There are many situations in which you might need to use an Uber or a taxi in Costa Rica during your vacation. Often people use taxis from San Jose Airport, for short distances between hotels and activities, as well as frequently in downtown San Jose. No matter why you need a taxi or Uber in Costa Rica, there are some things you need to be aware of before catching a ride.
Unfortunately, there are various Costa Rica taxi scams, laws etc. that most travelers are not aware of. We created this guide to Costa Rica taxis and Uber to make sure you have the best and safest experience possible while on vacation. Let’s get to it!
Costa Rica taxis
You can find taxis in every popular tourist destination in Costa Rica. If you are traveling to more off the beaten path destinations, it will be a bit more difficult to easily find a taxi, but they are around.
You can recognize an official Costa Rica taxi by its bright red color, a yellow taxi sign on the roof of the car, and yellow triangle on the driver’s side door which displays the taxi license number and the vicinity in which the driver is permitted to drive in.
Pro Tip: Take a quick picture of the yellow triangle before getting in the car. If you are riding alone send it to a friend. It is good for someone to have the info just in case something happens. Also, it come in handy on the off chance that you leave something in the taxi or you need to report a problem with the driver.
The official red taxis charge based on time in the vehicle. They all have a meter which the taxi driver (should) start as you enter the car. The meter fare for official taxis is regulated by the Costa Rican government. In other words, every official red taxi should be charging the same exact rate per time.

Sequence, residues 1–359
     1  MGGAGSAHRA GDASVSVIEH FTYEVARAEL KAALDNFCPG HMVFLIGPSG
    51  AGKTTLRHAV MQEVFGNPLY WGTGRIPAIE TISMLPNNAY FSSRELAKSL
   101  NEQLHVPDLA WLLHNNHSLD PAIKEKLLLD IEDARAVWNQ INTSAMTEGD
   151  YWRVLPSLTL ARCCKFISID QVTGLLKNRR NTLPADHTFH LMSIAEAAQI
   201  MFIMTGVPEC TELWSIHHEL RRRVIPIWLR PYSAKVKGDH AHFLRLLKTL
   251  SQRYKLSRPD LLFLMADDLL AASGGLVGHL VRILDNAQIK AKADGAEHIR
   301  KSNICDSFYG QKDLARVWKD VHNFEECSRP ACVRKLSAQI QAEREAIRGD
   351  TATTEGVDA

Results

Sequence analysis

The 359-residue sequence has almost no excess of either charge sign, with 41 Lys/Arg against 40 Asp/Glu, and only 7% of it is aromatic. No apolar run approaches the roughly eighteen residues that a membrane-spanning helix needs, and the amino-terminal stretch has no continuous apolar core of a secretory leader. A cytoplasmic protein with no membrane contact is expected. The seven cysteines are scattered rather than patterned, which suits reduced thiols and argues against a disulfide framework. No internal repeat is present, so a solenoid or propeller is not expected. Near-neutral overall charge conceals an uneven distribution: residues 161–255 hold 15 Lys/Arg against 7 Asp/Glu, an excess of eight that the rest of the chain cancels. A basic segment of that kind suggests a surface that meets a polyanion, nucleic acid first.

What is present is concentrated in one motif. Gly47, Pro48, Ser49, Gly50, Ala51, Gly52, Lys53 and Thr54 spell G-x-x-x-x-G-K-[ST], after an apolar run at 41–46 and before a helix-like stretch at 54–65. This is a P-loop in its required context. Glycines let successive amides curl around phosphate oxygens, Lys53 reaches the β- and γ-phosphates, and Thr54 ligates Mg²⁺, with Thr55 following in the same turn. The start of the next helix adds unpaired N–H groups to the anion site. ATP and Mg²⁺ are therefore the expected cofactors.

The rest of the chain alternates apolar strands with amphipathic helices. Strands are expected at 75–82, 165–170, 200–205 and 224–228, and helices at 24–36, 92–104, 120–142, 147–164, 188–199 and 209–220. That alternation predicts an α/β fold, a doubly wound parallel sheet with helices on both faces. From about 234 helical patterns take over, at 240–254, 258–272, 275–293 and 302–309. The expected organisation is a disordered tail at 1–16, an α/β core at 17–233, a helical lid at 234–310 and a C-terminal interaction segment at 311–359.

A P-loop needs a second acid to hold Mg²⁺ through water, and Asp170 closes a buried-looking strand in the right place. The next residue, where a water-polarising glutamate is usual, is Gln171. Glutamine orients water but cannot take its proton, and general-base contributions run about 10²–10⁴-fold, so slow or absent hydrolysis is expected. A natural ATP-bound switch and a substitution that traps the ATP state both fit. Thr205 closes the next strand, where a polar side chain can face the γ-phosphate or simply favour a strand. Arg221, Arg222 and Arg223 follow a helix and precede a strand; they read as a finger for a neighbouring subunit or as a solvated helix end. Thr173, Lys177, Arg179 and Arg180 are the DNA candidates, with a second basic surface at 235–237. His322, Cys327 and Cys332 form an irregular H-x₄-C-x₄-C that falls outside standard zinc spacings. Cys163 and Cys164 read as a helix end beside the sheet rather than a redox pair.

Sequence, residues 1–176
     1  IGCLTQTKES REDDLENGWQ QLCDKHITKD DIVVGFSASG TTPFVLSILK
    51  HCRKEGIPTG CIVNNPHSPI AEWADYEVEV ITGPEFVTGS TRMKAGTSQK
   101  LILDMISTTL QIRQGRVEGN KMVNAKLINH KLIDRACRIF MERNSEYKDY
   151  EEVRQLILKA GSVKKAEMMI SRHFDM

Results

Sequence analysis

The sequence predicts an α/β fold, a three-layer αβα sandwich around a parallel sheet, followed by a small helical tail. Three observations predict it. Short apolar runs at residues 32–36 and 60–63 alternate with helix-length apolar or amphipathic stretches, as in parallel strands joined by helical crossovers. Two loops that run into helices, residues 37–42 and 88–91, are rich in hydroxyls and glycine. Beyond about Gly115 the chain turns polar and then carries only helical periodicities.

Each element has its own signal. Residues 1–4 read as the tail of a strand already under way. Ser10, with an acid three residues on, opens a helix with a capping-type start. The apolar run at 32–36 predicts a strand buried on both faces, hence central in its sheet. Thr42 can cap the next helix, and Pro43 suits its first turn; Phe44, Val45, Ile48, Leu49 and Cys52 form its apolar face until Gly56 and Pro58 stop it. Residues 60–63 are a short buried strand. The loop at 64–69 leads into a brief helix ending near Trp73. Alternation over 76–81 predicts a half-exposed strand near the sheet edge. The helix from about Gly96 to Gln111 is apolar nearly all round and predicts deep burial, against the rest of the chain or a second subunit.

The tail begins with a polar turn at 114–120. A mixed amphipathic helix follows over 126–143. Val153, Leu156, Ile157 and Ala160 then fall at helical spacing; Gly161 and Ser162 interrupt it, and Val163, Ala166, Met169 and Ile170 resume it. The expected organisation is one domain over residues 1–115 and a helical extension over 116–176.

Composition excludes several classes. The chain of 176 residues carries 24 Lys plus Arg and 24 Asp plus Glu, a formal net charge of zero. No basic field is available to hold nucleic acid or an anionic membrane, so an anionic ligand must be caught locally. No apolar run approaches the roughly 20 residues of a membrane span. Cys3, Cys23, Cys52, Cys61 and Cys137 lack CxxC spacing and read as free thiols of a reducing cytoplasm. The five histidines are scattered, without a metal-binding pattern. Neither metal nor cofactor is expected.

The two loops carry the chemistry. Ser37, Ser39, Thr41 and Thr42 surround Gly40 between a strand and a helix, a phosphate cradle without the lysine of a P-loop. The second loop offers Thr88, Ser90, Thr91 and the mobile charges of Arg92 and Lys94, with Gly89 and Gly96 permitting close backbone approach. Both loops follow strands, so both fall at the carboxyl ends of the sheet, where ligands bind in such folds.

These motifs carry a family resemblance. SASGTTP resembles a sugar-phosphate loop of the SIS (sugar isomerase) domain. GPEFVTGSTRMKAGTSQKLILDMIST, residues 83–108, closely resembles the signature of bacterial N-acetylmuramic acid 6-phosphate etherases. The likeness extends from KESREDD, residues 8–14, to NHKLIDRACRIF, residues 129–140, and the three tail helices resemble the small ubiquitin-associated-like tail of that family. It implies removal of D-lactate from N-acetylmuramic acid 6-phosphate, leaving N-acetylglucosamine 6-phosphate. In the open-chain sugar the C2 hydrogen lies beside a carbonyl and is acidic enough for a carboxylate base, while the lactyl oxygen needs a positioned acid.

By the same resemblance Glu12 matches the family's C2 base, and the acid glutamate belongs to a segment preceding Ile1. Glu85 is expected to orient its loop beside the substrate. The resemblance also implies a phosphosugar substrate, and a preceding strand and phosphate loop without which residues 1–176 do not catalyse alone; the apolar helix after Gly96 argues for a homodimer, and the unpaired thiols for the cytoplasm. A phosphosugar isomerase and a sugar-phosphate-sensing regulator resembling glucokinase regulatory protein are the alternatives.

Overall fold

If you would like to read more about the current Costa Rica taxi rates, you can do so here. I didn’t realize this before, but apparently, there is a charge for hailing a taxi as well as a charge for delays and waiting.
Pro Tip: Make sure that the meter is set to zero before you begin your ride. We have heard of people being overcharged due to meters not being reset. Just don’t forget that there is a charge for hailing a taxi (about 600 colones) so this will be added to the meter at the beginning of your trip.
If you are in downtown San Jose, the easiest way to get a taxi is by just walking outside. They are everywhere!
If you are in another area and know that you will need a taxi, just ask at your hotel. They will usually be more than happy to call a taxi for you. If you need a taxi for while out to dinner, just ask at your hotel ahead of time if they have the phone number for a particular taxi driver the trust. It is very normal here for people to have a go-to taxi driver that they always use.
Costa Rica pirate taxis
One thing you need to be very careful of is pirate taxis in Costa Rica. These are the guys who are not regulated by the government, do not drive official cars, and are not from Uber.
Pirate taxis are especially a problem at places like bus stations. If you arrive at a bus station and are bombarded by men asking if you want a taxi, ignore them and walk away. 9 times out of 10 they are pirate taxi drivers. Find an official taxi (remember an official taxi will be red and has the yellow triangle symbol on it) and take that instead.